yeh defo a bargain, its a charity so they aren't doing it to make profit of it, I doubt they will have neurologists involved but ive emailed them asking a few questions, will find out some more,

 

cheers for your input

 

No worries, buddy. By now they might have more experience in general when it comes to treating different kind of conditions, so I wouldn't be too worried about it if you wanted to give it a go. But reading up on the subject (for example by consulting the "Textbook of Hyperbaric Medicine") might help with communication. If I was considering going for treatment there, I would, for example, have no qualms with handing them a copy of the book if they weren't familiar with the treatment of neurological conditions and for some reason (e.g. routine) disagreed with the recommended protocol. I'd want to try to get the most out of it, after all.

 

One last thing though. I may be mistaken, but if I remember correctly, after treatment the majority of healing actually takes place when you're asleep at night (which usually isn't a problem for most people). So if necessary, you'd also want to take measures to help you sleep, such as taking certain supplements you're no doubt already familiar with (e.g. melatonin, magnesium, lemon balm etc.). And also eat well during that time so that your body has the building blocks it needs for optimal repair.

 

Lastly, if you happen to smoke (which I unfortunately did at the time and currently still do), it will probably be recommended by the staff that you quit at least for the duration of treatment (it's all about oxygen, after all). That was a problem for me at the time (especially considering that I was already going through withdrawal), as it led to insomnia. However, after a while, I figured out a combination of supplements and sleep aids that enabled me to sleep for about 5-6 hours a night, so it kind of worked out for me in the end. But I'm not too sure the quality of my sleep was all to great at the time, so under normal circumstances (i.e. under normal sleeping conditions), the benefits might have been far greater than what I experienced, which is why I'd give it another shot if I can ever afford it again and once I've quit smoking.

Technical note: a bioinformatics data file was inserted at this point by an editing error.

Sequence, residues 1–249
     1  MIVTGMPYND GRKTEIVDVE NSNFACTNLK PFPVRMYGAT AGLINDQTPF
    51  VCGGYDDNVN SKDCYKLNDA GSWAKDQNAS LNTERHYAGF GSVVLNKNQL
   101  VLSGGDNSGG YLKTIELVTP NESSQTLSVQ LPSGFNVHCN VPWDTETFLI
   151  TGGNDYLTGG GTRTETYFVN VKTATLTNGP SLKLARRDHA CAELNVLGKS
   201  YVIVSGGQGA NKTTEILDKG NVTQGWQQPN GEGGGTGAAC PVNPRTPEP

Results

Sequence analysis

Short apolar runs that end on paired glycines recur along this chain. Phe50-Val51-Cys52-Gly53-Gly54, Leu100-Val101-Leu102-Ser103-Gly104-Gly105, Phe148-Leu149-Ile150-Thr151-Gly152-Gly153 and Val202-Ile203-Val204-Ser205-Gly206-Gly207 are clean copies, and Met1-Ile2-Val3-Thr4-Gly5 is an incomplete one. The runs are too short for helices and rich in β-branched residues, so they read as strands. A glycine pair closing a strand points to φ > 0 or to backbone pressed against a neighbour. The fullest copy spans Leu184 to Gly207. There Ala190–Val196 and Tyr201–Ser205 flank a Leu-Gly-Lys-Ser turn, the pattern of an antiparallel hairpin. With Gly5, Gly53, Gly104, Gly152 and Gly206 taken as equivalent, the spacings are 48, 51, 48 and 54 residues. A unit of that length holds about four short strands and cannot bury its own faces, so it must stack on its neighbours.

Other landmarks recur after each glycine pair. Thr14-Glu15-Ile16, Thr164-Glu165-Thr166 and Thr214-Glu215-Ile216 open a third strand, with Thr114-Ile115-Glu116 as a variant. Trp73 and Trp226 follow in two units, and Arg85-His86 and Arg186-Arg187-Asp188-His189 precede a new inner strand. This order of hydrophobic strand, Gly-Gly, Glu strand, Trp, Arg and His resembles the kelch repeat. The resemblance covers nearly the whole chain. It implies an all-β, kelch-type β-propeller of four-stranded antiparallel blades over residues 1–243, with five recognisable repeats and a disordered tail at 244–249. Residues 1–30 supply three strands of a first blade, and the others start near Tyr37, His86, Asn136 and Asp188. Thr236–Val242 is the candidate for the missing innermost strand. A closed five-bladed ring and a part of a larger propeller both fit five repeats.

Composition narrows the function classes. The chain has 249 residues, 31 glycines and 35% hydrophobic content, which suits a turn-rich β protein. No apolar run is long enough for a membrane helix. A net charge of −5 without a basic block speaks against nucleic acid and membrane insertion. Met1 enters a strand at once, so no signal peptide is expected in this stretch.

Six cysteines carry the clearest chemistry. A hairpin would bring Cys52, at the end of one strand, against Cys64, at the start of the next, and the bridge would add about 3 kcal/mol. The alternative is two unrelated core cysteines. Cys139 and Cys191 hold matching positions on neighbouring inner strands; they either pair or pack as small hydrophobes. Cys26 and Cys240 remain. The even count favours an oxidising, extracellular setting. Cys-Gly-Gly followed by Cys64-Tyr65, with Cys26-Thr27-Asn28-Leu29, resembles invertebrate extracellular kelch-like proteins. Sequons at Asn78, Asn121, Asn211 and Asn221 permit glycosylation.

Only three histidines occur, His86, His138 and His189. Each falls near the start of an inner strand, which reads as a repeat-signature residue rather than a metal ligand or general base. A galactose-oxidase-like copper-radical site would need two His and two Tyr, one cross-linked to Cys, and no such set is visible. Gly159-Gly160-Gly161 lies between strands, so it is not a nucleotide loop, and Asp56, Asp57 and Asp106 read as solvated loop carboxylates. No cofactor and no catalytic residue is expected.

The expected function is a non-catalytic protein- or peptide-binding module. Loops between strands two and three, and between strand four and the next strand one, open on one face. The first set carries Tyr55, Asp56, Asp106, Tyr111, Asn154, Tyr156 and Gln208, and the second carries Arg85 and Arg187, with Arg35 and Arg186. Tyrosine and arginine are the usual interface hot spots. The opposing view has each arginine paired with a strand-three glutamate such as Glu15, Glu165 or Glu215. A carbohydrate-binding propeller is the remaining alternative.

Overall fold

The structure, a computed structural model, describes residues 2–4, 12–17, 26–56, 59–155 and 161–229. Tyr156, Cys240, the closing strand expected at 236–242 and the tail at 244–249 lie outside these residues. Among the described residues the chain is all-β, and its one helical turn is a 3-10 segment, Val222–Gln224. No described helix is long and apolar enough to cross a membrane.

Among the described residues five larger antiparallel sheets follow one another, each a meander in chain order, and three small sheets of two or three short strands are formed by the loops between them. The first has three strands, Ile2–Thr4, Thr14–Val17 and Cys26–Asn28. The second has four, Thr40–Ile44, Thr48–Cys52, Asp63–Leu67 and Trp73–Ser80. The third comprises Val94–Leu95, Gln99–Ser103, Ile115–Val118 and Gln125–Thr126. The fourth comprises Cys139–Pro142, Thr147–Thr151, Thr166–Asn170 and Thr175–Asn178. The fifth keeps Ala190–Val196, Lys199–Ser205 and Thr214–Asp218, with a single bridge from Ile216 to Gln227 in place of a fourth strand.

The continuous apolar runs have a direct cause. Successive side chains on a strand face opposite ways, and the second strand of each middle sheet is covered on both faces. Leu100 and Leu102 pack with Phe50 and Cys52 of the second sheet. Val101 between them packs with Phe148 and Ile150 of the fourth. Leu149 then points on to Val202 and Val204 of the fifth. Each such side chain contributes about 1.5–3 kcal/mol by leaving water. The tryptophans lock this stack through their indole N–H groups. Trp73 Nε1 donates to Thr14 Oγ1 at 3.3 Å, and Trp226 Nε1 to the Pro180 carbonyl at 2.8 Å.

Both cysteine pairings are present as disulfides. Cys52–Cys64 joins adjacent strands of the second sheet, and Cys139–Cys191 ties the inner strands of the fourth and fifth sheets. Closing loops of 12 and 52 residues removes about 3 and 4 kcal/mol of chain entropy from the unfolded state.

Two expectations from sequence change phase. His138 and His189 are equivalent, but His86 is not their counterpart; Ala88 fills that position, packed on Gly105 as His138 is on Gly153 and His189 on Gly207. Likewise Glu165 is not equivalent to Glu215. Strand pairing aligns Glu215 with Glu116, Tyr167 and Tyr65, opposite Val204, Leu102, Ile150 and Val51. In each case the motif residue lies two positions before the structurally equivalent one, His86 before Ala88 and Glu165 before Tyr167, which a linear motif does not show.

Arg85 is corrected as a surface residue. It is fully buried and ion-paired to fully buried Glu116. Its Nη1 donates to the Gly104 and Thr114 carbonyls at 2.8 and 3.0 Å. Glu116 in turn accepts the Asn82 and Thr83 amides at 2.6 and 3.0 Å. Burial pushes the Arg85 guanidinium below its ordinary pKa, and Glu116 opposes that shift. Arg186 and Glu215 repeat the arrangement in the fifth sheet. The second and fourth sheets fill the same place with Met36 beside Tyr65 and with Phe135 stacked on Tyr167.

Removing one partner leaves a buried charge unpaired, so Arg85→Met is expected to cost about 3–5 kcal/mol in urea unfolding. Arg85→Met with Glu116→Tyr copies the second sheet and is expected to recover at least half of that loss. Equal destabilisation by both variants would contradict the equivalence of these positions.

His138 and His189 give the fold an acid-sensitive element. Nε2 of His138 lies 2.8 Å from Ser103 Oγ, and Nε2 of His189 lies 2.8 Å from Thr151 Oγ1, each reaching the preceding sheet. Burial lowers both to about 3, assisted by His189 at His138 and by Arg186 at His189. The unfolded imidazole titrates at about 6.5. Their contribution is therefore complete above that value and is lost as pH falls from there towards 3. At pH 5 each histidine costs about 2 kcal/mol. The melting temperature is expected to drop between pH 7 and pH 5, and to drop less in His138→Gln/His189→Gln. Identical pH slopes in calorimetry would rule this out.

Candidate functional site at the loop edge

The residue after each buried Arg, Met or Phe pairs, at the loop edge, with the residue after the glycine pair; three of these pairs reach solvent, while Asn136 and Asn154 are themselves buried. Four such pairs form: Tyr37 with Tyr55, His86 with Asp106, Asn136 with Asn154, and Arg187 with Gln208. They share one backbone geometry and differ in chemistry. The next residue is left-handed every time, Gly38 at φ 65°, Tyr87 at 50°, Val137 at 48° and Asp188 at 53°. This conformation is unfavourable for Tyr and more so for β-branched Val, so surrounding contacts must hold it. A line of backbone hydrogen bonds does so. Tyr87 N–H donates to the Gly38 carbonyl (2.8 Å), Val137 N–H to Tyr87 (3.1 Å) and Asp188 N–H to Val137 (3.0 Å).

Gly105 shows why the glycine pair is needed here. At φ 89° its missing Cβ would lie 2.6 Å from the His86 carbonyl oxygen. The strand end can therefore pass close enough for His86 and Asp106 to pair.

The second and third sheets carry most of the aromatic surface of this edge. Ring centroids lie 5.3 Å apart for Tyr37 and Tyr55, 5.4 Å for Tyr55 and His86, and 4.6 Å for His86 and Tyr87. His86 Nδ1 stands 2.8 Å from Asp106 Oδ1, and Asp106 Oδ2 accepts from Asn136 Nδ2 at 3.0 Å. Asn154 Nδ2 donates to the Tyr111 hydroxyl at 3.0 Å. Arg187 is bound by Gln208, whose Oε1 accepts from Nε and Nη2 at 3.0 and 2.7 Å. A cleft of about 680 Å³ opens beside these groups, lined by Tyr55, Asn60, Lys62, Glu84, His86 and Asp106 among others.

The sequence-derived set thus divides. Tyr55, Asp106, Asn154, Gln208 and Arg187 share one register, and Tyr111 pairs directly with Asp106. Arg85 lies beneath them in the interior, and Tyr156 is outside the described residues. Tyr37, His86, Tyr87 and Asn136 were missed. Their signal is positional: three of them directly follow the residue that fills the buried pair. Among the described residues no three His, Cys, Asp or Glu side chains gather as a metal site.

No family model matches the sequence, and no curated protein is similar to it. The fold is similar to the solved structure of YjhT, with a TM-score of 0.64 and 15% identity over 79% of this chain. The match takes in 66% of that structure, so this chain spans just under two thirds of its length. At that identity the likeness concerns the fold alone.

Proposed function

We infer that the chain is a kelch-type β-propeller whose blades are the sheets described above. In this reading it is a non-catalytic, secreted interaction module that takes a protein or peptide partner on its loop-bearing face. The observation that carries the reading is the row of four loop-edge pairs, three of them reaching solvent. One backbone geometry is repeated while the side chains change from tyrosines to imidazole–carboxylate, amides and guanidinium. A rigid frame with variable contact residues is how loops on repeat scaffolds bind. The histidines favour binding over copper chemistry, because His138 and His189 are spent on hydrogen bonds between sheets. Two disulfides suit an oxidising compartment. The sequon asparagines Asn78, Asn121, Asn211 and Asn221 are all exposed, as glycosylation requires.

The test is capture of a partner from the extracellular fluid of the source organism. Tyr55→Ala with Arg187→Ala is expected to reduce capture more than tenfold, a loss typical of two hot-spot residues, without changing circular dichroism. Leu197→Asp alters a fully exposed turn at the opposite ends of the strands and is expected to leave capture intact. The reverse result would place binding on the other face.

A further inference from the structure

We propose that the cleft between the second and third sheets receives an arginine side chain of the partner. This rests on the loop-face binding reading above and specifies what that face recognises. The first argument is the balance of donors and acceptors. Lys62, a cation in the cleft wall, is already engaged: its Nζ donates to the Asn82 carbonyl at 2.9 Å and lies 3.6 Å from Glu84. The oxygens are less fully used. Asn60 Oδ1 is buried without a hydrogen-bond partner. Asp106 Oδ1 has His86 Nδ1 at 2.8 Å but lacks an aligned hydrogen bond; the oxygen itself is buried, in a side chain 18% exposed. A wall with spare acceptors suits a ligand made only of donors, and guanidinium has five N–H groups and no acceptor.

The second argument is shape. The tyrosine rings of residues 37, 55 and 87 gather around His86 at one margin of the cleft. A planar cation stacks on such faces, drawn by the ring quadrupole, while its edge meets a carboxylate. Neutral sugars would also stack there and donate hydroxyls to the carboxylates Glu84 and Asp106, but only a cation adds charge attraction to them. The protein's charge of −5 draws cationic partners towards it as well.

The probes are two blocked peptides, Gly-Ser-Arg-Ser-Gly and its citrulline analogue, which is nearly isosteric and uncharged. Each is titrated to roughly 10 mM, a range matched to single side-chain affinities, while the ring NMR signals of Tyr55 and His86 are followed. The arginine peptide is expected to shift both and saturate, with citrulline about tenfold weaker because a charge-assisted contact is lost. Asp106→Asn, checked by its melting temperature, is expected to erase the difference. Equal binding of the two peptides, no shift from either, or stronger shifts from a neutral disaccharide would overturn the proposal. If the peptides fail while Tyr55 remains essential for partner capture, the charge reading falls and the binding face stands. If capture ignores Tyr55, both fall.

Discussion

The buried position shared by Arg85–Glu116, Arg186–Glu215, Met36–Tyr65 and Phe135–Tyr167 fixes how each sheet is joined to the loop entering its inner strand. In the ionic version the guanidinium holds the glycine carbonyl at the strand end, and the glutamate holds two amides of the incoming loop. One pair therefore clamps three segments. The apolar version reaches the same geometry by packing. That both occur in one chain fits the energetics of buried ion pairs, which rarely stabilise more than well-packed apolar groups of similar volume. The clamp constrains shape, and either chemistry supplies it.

That being said, there were actually other people who smoked who were being treated there who didn't quit at the time. And they still derived benefit from the treatment. And had I known that was still an option I'd wouldn't have tried to quit at the time (in hindsight). So for any smokers (and I hope there are only few here, or, preferably, none) you'd have to decide for yourself whether you'd want to quit and, perhaps, struggle with insomnia (which might interfere with the healing process somewhat) or simply continue and accept that you also wouldn't quite benefit as much as a non-smoker (due to not being able to absorb quite as much oxygen etc.) , but would at least be able to sleep and would therefore benefit from a better healing process at night. That's a personal decision anyone who smokes would have to make themselves if they're considering this form of treatment. But then again, if they're already properly motivated to quit and are already past the acute phase of withdrawal, then maybe that'd be just the right time to do so (or they might even manage to do so beforehand, if the offer is on for a good while).

 

Anyway, that's about everything I have to say to HBOT.

 

Good luck and take care!

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Dude

Dammit, another Germanism has crept in there. "All I have to say to HBOT...". I wonder what HBOT has to say to me...:P

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dj2010
2 minutes ago, Dude said:

 

No worries, buddy. By now they might have more experience in general when it comes to treating different kind of conditions, so I wouldn't be too worried about it if you wanted to give it a go. But reading up on the subject (for example by consulting the "Textbook of Hyperbaric Medicine") might help with communication. If I was considering going for treatment there, I would, for example, have no qualms with handing them a copy of the book if they weren't familiar with the treatment of neurological conditions and for some reason (e.g. routine) disagreed with the recommended protocol. I'd want to try to get the most out of it, after all.

 

 

wow thanks Dude you really put time into providing information for us, I will have a look at that textbook, 

 

3 minutes ago, Dude said: